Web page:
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BRICS and the big picture

Updated: 2013-06-14 07:48
By Chris Davis ( China Daily)

BRICS and the big picture

Leaders of BRICS countries shake hands at the 5th BRICS Summit in Durban on March 27, 2013. Provided to China Daily

The bloc has key role to play as Africa asserts its growing economic power

The term BRICS was first coined by Jim O'Neil of Goldman Sachs as a catch phrase for a basket of investment opportunities in the emerging markets of Brazil, Russia, India, China, and later South Africa. The name caught on and has become a buzzword for the trend of five large, fast-growing emerging economies, predicted to overtake the developed G7 economies by 2027, if not sooner.

According to World Economic Outlook, the BRICS countries account for about 3 billion people and a combined GDP of $14.8 trillion.

Co-opting the term, the leaders of the nations held their first formal summit meeting in Yekaterinburg, Russia, in 2009, and have met every year since, most recently in Durban, South Africa, in March. Their over-arching theme: How they can leverage their rapidly expanding regional and global influence to engage a full range of issues, from global peace, stability, development and cooperation to addressing climate change, energy needs and unemployment.

The Durban summit was held under the banner "BRICS and Africa: partnership for development, integration and industrialization", and had special significance for many as it coincided with the 50th anniversary celebrations of the Organization of African Unity and the African Union.

South African president Jacob Zuma welcomed leaders to "the warm African shores" and the "cradle of humankind", saying that the BRICS forum gave them "the opportunity of an amplified voice for political, financial, economic and social interests around a common growth and development agenda based on our shared values".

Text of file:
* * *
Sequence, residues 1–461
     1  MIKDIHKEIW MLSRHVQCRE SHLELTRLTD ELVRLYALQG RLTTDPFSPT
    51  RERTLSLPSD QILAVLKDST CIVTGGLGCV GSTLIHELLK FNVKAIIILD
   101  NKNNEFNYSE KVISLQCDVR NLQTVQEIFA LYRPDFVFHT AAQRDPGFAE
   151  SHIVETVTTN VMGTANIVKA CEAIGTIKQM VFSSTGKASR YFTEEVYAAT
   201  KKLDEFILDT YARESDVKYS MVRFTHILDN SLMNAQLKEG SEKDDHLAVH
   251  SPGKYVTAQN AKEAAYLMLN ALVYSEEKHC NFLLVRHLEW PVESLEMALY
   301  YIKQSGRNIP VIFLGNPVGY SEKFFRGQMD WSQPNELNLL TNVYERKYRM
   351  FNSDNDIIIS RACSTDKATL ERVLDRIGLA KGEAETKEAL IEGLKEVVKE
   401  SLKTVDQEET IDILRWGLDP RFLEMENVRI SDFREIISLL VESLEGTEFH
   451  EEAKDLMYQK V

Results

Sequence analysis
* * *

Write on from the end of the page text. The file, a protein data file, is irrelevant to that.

BRICS had established itself as a credible and constructive force in "our quest to forge a new paradigm of global relations and cooperation", he said. The focus of the summit, Sub-Saharan Africa, had achieved growth of over 5 percent last year and was expected to continue, notwithstanding weak but improving growth prospects in the rest of the world, he said.

President Xi Jinping of China addressed the gathering, saying "people of kindred spirit are never far apart". No matter how the international situation might change, "we must always adhere to peaceful development and win-win cooperation", he said.

Xi called on fellow BRICS members to work together to make Africa "a new bright spot in the world economy".

Russia's president Vladimir Putin said the BRICS countries, accounting for 27 percent of the world's gross domestic product, were becoming more and more aware of their role and responsibility as global growth leaders. He reaffirmed the group's commitment to expanding investment flows and "stimulating the growth of its huge domestic markets".

That included carrying out "mutually advantageous business projects in third world countries", he said, announcing that he had signed a multilateral agreement to co-finance infrastructure projects in Africa.

The keynote topic of the conference was the idea of creating a BRICS-led development bank to rival the Western dominated International Monetary Fund. But as with a second proposal to create a $100 billion contingent reserve, the motions were limited to agreements in principle, with no detailed features or timelines for implementation.

Sebastian Spio-Garbrah, managing director of Damina Advisors, a company in New York that provides political risk research on Africa to investors, says the BRICS nations were unable to agree on what the bank would look like or what it would do.